Amazon says, "In this practical cookbook, Shannon Stonger, author of Traditionally Fermented Foods and co-author of The Doable Off-Grid Homestead, invites you into her bustling homestead kitchen. She shares how she feeds her family of eight with delicious, nutritious meals for less. Based on the wisdom of traditional food diets, these recipes are focused on unprocessed ingredients, pastured animal products and frugal foods that people have thrived on for generations. The resulting meals are gluten-free, almost entirely dairy-free, picky eater–certified and, most importantly, deeply nourishing. "
About the Author
Shannon Stonger is the creator of the blog Nourishing Days and has authored 100% Rye, Traditionally Fermented Foods and co-authored The Doable Off-Grid Homestead. Alongside her husband, Stewart, and their six children, she lives on an off-grid homestead in Texas.
Sounds good. I cook from scratch, not only because it saves money... but, I cannot buy the quality of food I cook, from scratch in any restaurant where I live. There was one chef who was all "farm to table"(also about the most expensive restaurant in the county).... saw Sysco delivering to his restaurant. I asked... he claimed that they were his "ketchup and plastic wrap supplier." So.... no.
"Them that don't know him won't like him and them that do sometimes won't know how to take him... he ain't wrong, he's just different and his pride won't let him do the things that make you think he's right"
For many people, the idea of moving towards a traditional foods way of eating can seem expensive and impossible. A visit to a health food shop these days shows shelves full of packaged bone broth, sprouted flours, ready-made ferments and more, but there are other approaches to traditional foods that are actually very budget-friendly, and Shannon Stronger has written a book that shares her approach to this, along with lots of affordable traditional foods recipes that are also gluten-free and dairy-free. In this book Shannon shares her strategies for making traditional foods affordable - I like that she emphasises how much money her family saves by growing their own food when they can and raising animals for milk and eggs. For anyone that isn’t in a place to grow food or raise animals, helpful tips are included for choosing affordable ingredients.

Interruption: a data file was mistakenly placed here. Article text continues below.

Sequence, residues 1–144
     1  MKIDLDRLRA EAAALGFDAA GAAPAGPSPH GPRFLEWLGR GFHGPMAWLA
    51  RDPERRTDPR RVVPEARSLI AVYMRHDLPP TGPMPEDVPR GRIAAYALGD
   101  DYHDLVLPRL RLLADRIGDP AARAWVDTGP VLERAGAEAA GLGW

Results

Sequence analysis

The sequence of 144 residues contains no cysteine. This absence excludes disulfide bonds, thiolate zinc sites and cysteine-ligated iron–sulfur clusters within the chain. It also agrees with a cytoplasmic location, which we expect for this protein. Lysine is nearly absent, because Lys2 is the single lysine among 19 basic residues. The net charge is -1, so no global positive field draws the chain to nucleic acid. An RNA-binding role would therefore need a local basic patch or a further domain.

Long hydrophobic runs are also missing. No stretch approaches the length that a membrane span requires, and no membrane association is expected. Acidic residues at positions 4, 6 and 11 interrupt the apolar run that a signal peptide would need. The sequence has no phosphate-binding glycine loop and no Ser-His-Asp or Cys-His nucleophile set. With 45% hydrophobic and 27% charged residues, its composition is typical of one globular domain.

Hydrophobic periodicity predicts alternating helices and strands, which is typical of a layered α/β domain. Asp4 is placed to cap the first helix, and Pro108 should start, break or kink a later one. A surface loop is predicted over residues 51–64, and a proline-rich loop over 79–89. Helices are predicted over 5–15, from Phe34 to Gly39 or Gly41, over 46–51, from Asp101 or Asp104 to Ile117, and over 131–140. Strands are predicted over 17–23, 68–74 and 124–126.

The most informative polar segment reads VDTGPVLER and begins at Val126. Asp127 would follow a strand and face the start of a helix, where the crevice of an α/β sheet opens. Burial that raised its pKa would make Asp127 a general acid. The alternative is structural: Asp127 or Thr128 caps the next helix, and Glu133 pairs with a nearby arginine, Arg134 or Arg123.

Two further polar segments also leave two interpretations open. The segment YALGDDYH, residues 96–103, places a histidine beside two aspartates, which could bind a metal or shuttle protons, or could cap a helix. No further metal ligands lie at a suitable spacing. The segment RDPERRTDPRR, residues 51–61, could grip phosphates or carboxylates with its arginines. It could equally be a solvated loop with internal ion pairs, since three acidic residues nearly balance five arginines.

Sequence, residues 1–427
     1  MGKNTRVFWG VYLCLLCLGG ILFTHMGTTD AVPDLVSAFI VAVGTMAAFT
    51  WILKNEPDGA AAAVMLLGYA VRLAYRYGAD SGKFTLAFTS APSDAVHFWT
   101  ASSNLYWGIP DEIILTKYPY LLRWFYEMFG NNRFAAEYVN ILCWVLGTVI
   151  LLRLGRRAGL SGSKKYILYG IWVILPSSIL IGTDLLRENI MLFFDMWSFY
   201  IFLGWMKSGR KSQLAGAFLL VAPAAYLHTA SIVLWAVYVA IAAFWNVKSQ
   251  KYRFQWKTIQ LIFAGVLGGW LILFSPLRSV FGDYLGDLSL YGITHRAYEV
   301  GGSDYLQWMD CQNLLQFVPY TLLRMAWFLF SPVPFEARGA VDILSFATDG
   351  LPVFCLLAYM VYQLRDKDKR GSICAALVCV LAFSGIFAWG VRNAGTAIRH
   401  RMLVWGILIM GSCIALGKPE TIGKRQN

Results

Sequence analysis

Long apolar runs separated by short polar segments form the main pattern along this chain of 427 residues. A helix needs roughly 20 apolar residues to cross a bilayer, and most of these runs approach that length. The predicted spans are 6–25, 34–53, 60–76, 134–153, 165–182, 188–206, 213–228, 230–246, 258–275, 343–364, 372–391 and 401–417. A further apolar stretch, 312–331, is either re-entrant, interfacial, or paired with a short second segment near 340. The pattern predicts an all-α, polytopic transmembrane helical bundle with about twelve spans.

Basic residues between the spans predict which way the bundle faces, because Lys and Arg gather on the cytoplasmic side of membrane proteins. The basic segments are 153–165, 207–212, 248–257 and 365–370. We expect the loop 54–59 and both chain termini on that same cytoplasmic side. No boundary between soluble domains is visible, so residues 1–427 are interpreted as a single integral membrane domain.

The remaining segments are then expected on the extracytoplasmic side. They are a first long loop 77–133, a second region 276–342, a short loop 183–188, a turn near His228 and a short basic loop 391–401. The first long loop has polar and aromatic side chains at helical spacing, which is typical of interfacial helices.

For anyone wondering what traditional foods is, Shannon says
One of the simplest ways to define traditional foods is to simply eat how our great great grandparents did, before the advent of the supermarket and industrial agriculture.
This way of eating is great for homesteaders and people who want to homestead, because foods back then were produced locally on small farms with basic kitchens - not in big factories.
Shannon provides a shopping list for the foods her family finds to be the best value, which is really helpful. I usually skip reading these lists in cookbooks, but I appreciated this one because it is focused on value. She breaks the list up into categories of different food groups, and lists foods in order of the best value, and also shares which foods she sources organically, and which foods she doesn’t. Shannon also shares tips on bulk buying, and where in the US to source the cheapest bulk foods.
The section on fitting dietary restrictions into the food budget is good to read, and makes the whole process seem a lot simpler and less stressful.
The recipes themselves are the biggest help:
The breakfast section is worth the price of the book alone - lots of creative allergy-friendly recipes including soaked granola, soaked pancakes made from rolled oats, sweet potato and greens breakfast skillet, grain-free pancakes, activated buckwheat cereal, soaked buckwheat breakfast cake, greek fauxgurt, cream of amaranth-chia porridge, soaked gluten-free, dairy-free pancakes (with an egg-free option) and fruit and seed soaked baked buckwheat. All of these look really family friendly and delicious.